Kuwait's state owned oil fund is seeking a joint venture with Athabasca oil in the oil sands. The deal will be for about $4 billion and is expected to be finalized by October
Kuwait Petroleum Corp. the state-owned oil company has signed a memorandum of understanding that would see the company invest around $4 billion in a joint venture with Athabasca Oil Corp. The venture would develop some of Athabasca's properties in the northern Alberta oil sands.
The agreement was confirmed by the Kuwaiti ambassador to Canada Ali al-Sammak. The final agreement is expected by October. Al-Sammak said in a telephone interview."..“It’s a plus-or-minus $4-billion deal and in October they’ll be coming back to follow up what has been signed....So we’re doing very good – this proves that we’re good close friends.”
Sammak said Kuwait Petroleum wants to diversity its operations beyond the Middle East and also gain access to oil sand extraction technology as Kuwait too has heavy oil fields.
Many foreign-owned and state-owned oil companies seek to invest in Canada's energy resources. The Conservative government has encouraged this as a means to diversity the sources of capital and also capture new markets. Recently Chinese state-owned CNOOC has offered 15 billion for Calgary-based Nexen. Another deal involves Petronas of Malaysia who offered $6 billion for Progress Energy Resources Corp. Progress shareholders have approved that deal. Trading in Athabasca's stock was suspended on Friday before the news of the deal was announced.
These deals are just part of a host of pending foreign investments in the rich energy resources of Canada. Companies both state-owned and private from South Korea, Russia and many emerging Asian countries are negotiating with Calgary-based companies.
Many of the companies involved want the Conservative government to make its policy with respect to investment clearer. While there is a review to determine whether an investment is of net benefit to Canada, the exact criteria are not clear.
Map of oils sands in Alberta, Canada. The three oil sand deposits are known as the Athabasca Oil Sands, the Cold Lake Oil Sands, and the Peace River Oil Sands.
Some within the Conservative government do not want to treat aggressive state-owned corporations on the same footing as private companies since these companies may not act on purely market principles. These companies include not only Chinese state-owned companies but those of Malaysia and Kuwait as well. Immigration minister Jason Kenney is one of those critics although he would make an exception for Norway's Statoil since it is run on market principles. I find it odd to talk of oil producers and market principles.After all many oil producers belong to OPEC whose whole purpose is to manipulate the market and influence prices. The aggressive nature of the state oil companies Kenney fears often result in high prices for shares that shareholders could never expect in the market.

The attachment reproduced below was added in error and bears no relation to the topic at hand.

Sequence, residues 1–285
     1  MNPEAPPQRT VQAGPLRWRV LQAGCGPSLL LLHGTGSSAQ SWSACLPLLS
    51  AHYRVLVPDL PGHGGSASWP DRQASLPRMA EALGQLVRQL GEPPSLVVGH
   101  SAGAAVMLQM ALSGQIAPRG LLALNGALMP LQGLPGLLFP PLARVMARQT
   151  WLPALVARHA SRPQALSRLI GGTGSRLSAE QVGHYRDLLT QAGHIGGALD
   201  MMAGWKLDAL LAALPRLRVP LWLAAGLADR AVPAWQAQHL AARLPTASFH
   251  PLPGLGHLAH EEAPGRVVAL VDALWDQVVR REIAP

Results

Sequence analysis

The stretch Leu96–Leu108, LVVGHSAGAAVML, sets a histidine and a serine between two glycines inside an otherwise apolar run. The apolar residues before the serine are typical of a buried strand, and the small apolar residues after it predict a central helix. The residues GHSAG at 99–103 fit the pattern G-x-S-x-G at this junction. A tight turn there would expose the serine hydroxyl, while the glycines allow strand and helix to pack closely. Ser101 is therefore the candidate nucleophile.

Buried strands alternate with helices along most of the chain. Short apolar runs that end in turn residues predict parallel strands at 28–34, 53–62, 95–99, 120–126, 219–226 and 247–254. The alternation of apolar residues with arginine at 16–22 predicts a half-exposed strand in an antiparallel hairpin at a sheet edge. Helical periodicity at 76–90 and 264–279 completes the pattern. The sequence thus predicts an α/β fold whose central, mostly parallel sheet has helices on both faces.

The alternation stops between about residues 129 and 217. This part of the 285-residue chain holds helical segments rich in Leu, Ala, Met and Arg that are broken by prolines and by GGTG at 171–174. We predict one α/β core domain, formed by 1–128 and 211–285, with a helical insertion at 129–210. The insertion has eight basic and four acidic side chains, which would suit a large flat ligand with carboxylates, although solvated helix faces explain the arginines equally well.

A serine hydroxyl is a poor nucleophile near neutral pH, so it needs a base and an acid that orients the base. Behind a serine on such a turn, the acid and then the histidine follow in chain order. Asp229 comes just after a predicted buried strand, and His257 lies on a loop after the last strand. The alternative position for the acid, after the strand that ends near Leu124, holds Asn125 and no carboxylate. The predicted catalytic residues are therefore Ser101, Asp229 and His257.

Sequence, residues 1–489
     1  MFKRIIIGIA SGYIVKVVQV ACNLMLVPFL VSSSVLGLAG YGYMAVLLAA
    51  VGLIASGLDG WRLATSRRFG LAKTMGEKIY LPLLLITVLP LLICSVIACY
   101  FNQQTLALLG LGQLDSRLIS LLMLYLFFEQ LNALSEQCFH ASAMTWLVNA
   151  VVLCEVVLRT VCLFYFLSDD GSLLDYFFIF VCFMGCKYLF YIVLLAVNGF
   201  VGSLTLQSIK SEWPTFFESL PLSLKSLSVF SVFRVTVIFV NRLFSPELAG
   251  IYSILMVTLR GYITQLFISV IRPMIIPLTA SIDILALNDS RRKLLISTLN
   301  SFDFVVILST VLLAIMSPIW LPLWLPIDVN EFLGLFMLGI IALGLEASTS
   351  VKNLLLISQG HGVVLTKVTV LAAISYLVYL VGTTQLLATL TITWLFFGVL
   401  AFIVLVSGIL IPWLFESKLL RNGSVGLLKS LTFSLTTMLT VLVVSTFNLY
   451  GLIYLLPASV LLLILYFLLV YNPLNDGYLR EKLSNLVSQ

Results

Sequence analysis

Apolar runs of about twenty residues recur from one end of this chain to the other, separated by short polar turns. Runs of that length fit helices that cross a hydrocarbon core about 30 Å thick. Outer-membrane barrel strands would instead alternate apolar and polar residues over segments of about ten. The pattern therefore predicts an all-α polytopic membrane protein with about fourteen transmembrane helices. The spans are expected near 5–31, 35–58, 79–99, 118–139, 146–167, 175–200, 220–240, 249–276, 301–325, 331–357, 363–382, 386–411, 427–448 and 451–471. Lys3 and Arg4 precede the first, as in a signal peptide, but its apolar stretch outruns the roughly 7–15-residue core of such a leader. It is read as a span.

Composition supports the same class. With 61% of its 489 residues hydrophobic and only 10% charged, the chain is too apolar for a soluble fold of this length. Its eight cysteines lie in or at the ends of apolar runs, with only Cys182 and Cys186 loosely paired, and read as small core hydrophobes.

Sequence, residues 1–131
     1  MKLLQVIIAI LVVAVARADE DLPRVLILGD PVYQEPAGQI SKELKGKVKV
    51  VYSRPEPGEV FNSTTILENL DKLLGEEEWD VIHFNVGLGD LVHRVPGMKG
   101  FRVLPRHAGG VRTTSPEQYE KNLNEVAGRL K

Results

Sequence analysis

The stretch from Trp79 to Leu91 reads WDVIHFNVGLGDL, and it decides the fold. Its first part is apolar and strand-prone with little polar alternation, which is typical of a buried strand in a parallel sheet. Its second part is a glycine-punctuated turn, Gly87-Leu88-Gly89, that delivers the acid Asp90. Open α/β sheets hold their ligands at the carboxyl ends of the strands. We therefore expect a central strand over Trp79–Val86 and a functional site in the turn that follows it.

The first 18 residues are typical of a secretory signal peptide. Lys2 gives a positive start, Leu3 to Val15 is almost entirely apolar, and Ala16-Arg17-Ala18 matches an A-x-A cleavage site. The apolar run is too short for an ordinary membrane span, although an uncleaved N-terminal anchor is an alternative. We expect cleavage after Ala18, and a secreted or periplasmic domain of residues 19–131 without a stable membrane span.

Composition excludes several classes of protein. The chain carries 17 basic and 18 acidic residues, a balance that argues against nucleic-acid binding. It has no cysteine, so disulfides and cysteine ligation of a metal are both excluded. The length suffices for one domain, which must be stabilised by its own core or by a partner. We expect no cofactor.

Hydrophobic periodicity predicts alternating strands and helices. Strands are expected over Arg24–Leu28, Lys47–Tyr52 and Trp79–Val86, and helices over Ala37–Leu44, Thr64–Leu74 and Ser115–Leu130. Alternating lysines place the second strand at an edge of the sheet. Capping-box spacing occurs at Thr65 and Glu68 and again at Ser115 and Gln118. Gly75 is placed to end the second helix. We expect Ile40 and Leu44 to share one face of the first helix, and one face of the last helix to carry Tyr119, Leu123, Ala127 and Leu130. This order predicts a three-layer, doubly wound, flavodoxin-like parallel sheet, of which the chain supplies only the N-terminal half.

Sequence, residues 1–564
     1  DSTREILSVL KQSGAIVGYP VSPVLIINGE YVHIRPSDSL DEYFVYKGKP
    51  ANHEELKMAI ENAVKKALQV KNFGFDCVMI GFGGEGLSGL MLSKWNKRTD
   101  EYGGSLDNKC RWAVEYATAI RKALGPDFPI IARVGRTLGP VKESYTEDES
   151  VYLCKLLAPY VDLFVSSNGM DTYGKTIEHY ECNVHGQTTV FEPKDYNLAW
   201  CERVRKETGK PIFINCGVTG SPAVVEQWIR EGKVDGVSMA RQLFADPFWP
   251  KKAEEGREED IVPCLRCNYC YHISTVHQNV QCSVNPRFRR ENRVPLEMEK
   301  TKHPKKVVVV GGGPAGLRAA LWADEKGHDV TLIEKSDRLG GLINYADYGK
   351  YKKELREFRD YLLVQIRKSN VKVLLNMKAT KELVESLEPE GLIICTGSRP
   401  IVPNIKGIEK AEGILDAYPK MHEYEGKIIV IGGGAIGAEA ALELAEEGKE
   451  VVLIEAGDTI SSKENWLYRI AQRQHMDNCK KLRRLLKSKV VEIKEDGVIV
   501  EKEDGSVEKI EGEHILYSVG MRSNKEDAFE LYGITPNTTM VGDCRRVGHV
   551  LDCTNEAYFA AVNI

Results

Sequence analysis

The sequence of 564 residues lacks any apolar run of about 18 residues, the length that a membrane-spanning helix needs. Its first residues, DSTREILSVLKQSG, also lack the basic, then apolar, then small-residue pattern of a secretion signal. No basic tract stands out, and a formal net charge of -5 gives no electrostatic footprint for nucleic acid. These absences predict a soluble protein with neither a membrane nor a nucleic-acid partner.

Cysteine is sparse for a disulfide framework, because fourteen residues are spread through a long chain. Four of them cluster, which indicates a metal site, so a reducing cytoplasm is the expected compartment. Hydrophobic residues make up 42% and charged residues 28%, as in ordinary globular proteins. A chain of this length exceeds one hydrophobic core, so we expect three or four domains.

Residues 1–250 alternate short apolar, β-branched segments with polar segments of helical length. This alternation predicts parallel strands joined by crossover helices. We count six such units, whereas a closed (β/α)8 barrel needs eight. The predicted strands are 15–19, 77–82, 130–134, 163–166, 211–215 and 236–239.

The spate of negotiations in Calgary are not simply the result of foreigners anxious to invest in Canadian resources. Canadian companies themselves are actively seeking out these investments since they themselves lack the capital to finance expensive and often risky oil sands projects.
Athabasca for example has acquired many properties and now has 1.6 million acres in the oil sands but not the capital for development. Athabasca was able to develop the Dover and Mackay River properties only after it raised $1.9 billion by selling a 60% stake to PetroChina International Investment Co. which is state-owned.
The Canadian Association of Petroleum Producers predicts it will cost $23 billion to produce oil sands oil in 2012. By 2020 this amount could more than quadruple to $100 billion. This amount of capital is just not available within Canada. Canada needs both foreign capital for development and foreign markets for the oil. However, Canada might be better off it concentrated more on developing in other areas rather than simply being a convenient sources for raw materials to fuel the value adding industries of other countries. Oil and natural gas do not go bad if left in the ground, they might just increase in value.
Production in the oil sands in particular present many dangers to the environment. The costs of environmental damage will probably fall on the Canadian taxpayer rather than investors foreign or otherwise.
This opinion article was written by an independent writer. The opinions and views expressed herein are those of the author and are not necessarily intended to reflect those of DigitalJournal.com